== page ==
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Academic freedom and the Japanese imperial university, 1868-1939

Author: Byron K Marshall
Publisher: Berkeley : University of California Press, ©1992.
Edition/Format:   Print book : State or province government publication : EnglishView all editions and formats
Database:WorldCat
Summary:
Byron K. Marshall offers here a dramatic study of the changing nature and limits of academic freedom in prewar Japan.
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Genre/Form: History
Material Type: Government publication, State or province government publication, Internet resource
Document Type: Book, Internet Resource
All Authors / Contributors: Byron K Marshall
ISBN: 0520078217 9780520078215
OCLC Number: 25130703
Description: xiv, 247 pages ; 24 cm
Contents: A Note on Japanese Names and Terms --
1. Prologue: The Rise and Fall of Academic Freedom --
2. The Making of the Modern Academic Elite, 1868-1905 --
3. The Assertion of Academic Autonomy, 1905-1918 --
4. The Transformation of the Academic Community, 1919-1931 --
5. The Maintenance of University Autonomy, 1919-1932 --
6. The Purge of the Imperial Universities, 1933-1939 --
7. The Pacific War and Its Aftermath --
Appendix: Todai and the Production of National Elites.
Responsibility: Byron K. Marshall.
More information:

Abstract:

Byron K. Marshall offers here a dramatic study of the changing nature and limits of academic freedom in prewar Japan.

Meiji leaders founded Tokyo Imperial University in the late nineteenth century to provide their new government with the technical and theoretical knowledge it needed to survive. An academic elite emerged, armed with Western learning; its influence was felt in every area of the Japanese state. When threatened with censorship and dismissals for dissenting from state policy in the Russo- Japanese War (1904-5), the university faculty and president banded together and forced the government to back down.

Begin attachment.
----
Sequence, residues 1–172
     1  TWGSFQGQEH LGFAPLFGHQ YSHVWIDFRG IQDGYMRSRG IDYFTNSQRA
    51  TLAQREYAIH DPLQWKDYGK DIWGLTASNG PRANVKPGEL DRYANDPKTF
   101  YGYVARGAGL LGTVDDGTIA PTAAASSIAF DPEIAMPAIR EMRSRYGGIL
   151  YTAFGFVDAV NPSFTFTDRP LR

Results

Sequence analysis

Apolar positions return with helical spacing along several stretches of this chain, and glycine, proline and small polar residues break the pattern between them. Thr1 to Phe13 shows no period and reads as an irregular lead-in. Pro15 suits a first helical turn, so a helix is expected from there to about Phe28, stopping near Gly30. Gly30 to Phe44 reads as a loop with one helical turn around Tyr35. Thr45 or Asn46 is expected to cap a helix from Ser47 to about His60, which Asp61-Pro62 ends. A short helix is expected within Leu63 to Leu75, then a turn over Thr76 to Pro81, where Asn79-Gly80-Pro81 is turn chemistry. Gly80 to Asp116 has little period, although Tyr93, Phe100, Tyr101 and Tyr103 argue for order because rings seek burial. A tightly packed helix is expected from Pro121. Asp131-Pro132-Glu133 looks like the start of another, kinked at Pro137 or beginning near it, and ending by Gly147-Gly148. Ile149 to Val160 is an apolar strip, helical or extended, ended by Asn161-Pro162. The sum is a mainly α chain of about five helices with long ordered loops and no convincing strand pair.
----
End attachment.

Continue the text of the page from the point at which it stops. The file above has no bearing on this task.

Yet in analogous circumstances in the 1930s, not only were a number of senior faculty members arrested but others were dismissed by the president of the university himself.

The conventional explanation for the 1939 purge is that prewar Japanese universities had no cultural tradition or legal basis for autonomy. They were thus powerless when an authoritarian state sought to suppress their opposition to its military adventures. But self-government was actually well entrenched in these imperial universities, with faculty members electing their own administrators and controlling key personnel affairs.

Moreover, the fundamental issue was not political opposition, for some of the dismissed faculty members supported Japan's invasion of China.

Marshall argues that the internally directed purge of 1939 was in fact the result of the university's forty-year fixation with institutional autonomy at the expense of academic freedom. He uses quantitative, biographical, and archival sources to create a finely nuanced analysis of the changing roles of university and state from the Meiji Restoration to the eve of World War II.

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